Both stamp duty and interest during construction are considered to be sunk costs and can be offset (claimed) against any capital gains tax liability when the property is eventually sold.

 

Cashflow Worksheets

What’s the bottom line?

 

A very important step in choosing an investment property is to have the cash flow figures worked for you to make sure that the property suits your financial circumstances.

 

There are several professional programmes designed for this purpose, but with any computer-generated information, the output is only as good as the input.

A qualified and professional Property Advisor will provide the assumptions their model is based on and explain why these are important.

EXAMPLE ASSUMPTIONS:

 

 

Based on these assumptions after rent and tax rebates and all associated costs, the property should return approximately + $35 per week to the investor.

This result assumes that the tax rebate of $4,420 is collected week by week after submitting a PAYG Withholding Variation. If it weren’t, then the investor would need to contribute approximately $50 per week.

Calculated by taking away the expenses ( interest cost and the rental expenses) from the income the property generates (rent) :  $21,403 – $16,195 – $7,818 = – $2,610 / 52 = $50.19 per week:

Manipulating inputs such as anticipated rent, vacancy rates, inflation rates etc. will distort the truth and impact the bottom line result, making the costs appear better than they are or implying growth in capital value and rental income that cannot be guaranteed.

Be wary of rental guarantees – these sometimes provide a subsidised rent from the developer or the vendor at higher than market rates for a limited time. These can be very worthwhile and a great way to start with rental income right from the point of settlement, BUT if the cashflow is worked based on this ‘inflated’ rent, it will not give an accurate long term view of the holding costs. Sometimes they are used, and after the guaranteed period ends, the property owner receives a shock when suddenly they are asked to contribute more to the property than was projected at the point of purchase. Always ask your advisor to work the figures at verified market rates to see if you are still comfortable with the bottom line.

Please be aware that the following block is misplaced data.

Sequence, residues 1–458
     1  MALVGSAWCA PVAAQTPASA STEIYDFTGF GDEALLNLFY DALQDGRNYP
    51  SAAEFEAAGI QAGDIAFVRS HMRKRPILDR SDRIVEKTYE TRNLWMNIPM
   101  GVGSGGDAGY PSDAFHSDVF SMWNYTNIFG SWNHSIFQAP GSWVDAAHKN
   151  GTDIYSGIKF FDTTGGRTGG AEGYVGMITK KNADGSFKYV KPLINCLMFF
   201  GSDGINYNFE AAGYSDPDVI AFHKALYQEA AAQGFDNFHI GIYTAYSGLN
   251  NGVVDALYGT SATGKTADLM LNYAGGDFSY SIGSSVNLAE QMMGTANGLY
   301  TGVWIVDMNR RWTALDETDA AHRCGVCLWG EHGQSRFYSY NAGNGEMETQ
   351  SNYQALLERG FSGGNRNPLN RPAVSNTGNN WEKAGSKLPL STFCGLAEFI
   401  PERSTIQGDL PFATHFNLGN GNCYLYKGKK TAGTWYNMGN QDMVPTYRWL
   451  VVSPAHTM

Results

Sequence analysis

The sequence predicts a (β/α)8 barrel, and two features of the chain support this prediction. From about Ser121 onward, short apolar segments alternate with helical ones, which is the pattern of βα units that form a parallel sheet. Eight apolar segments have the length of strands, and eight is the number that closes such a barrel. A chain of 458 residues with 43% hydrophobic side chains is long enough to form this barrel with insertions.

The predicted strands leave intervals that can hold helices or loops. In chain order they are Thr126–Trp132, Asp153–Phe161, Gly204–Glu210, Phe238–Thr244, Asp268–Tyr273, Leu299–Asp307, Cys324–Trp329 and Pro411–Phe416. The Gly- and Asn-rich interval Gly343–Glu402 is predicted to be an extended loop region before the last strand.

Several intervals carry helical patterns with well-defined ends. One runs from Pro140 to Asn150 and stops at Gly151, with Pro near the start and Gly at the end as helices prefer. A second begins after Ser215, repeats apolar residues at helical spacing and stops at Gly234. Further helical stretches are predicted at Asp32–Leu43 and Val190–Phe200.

However, if the vendor is offering a rental guarantee that corresponds to current verified market rates or has identical properties in another development already achieving that rent, then the guarantee is a legitimate bonus.

A powerful way of looking at the affordability of a property investment purchase is to see who will pay to cover the holding costs of the property.

In this particular case, after rent and importantly, PAYG tax credits are collected, the property costs, on average, are serviced by both the tenant and the ATO:

 

 

 

 

Cash Depositors

 

“Begin with the end in mind.”

Stephen Covey

 

Everyone needs to start somewhere.

The first property you buy will most likely require a cash contribution.

Having a deposit requires diligently saving over an extended time. Reaching a savings goal, such as a deposit for a property, no matter how modest is proof positive of your ability to exercise financial discipline and delay gratification.

Fortunately, lenders see it the same way!